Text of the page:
IT companies buying product companies in a desperate bid to innovate .. let us 
just say that I’ve seen a lot of that happen at a previous workplace.

The usual end result is that the founders and key employees quit in disgust 
after a while and those that are left are gradually absorbed into the company 
doing something totally different than what they set out to do.  

And meanwhile the product itself is killed off immediately, or maybe dies a 
slow and lingering death with a few legacy customers left behind and 
practically zero further development.

Big companies that don’t have DNA beyond being pushers of software that most if 
not all users have a visceral hatred for, and/or bloated services contracts, 
are absolutely not going to infuse any magical fresh DNA into them by acquiring 
successful product companies

The prospect of such foreign DNA taking root in the company is far less than in 
the case of an organ transplant – the sort you get in mad scientist movies 
where a scientist transplants human dna / tissue / whatever into an ape and 
suddenly ends up with a super intelligent planet of the apes or Gorilla Grodd 
variety animal.

Mohandas Pai is a smug and opinionated twit but he got one thing right though. 
The software industry didn’t die – it will survive and it will probably hang 
on, but the traditional indian (or even foreign) services model is long dead in 
favour of automation.  The only things that won’t be automated to a large 
extent are higher up the value chain than such companies generally play around 
at.   And the hanging on will be the way a really old and sick man keeps 
hanging on – perpetually in the chasm between Allopathy and Tirupathi.

In other words, the days of 15% raises are dead and gone, companies outsourcing 
basic bargain basement sysadmin and datacentre work will outsource far less 
after automating the hell out of everything they can, testing will be automated.

Of all the cash cows out there, telemarketing and support still needs humans to 
a larger extent and will hang on but higher up the value chain – because a lot 
of it has moved to social media, marketing rules in this space have tightened 

And even that is going way down after all the tech support scams in India that 
flourish tarring even the legit players with the same brush, with at least some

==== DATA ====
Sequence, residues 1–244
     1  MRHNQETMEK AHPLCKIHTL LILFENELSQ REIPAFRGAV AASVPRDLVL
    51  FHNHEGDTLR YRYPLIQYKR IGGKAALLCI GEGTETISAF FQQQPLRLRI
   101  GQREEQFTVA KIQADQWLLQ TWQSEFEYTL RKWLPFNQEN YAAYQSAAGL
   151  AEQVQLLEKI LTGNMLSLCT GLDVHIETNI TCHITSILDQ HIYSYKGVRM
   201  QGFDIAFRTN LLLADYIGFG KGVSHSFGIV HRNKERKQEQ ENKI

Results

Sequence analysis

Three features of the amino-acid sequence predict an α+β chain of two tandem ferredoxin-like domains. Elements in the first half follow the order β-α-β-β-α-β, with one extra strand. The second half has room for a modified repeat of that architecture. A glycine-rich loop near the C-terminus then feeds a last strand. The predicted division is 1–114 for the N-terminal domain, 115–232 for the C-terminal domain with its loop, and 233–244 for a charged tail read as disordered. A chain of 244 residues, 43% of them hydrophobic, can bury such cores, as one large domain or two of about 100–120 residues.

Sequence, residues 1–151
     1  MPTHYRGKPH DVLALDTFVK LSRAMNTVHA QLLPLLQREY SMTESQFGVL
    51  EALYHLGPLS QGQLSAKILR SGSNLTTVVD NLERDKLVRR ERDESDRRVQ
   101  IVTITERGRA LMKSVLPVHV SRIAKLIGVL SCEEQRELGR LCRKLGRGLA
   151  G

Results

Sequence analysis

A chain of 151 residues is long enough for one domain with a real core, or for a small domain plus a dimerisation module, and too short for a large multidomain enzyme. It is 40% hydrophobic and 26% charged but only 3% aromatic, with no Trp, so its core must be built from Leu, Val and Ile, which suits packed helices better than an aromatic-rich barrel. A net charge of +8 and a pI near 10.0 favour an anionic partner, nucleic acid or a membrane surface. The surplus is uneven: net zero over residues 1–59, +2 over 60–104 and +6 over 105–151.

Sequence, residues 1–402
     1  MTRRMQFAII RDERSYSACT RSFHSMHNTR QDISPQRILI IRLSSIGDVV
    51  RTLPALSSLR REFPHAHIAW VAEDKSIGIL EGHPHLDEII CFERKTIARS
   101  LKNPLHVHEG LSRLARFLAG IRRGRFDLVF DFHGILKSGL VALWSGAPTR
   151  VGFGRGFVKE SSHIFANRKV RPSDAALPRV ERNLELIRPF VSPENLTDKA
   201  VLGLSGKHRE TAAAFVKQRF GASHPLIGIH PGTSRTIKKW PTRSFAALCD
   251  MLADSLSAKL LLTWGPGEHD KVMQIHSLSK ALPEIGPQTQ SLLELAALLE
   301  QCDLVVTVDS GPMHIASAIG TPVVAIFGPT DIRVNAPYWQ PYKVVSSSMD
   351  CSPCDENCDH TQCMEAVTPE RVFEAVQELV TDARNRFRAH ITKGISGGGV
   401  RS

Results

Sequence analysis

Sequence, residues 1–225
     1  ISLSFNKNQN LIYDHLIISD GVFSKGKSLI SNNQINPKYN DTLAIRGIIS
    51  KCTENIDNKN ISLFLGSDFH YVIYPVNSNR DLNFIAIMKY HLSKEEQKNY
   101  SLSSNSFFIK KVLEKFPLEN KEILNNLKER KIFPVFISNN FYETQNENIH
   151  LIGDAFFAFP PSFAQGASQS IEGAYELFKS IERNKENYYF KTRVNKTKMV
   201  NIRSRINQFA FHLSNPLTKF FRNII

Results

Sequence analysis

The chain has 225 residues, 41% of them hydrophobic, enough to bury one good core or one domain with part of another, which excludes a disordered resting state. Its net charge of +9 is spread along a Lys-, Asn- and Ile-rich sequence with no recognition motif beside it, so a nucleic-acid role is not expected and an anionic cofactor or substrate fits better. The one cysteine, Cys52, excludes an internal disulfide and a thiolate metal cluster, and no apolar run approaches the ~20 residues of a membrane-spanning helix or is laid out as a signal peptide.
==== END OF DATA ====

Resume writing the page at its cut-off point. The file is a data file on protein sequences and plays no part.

of the legit players looking wistfully at the “upsell” angle that, if pushed a 
few hairs farther down the line, becomes those scams where someone claims to be 
“tech support” for your OS or device manufacturer and cons you into paying for 
a $50 a month perpetual contract.


On 19/10/16, 10:15 AM, "silklist on behalf of Deepak Shenoy" 
< on behalf of> wrote:

    Apologies for the plug but I wrote a piece a year back:
    So my point is that the problem isn't with IT companies - they will survive
    as IBM and HP etc have, and perhaps grow in single digit percentages and
    generally get a lot lower price to earnings multiples. They do stuff no one
    currently wants to do and overhauling a system to use stuff that other
    smart people want to use is too expensive. (Like COBOL - it may be outdated
    and all that but it still forms the basis for an irrationally large part of
    banking) This work will continue until you have removed the very need for
    the basis that the older software has been required, so there will always
    be business for the Infy/TCS/Cognizant types from this kind of maintenance
    But things can change very fast. 10 years ago I couldn't imagine that BigCo
    would be able to manage something like 5000 servers using less than 5
    people including bringing more up when required, at run time, with complete
    reporting/control available even on a mobile phone app. It's possible now.
    It's routine now. And as more companies are discovering it is, the on-site
    and off-site infrastructure work that was handled by the IT cos has seen
    dwindling business. SAP now offers a cloud based pre-setup solution, where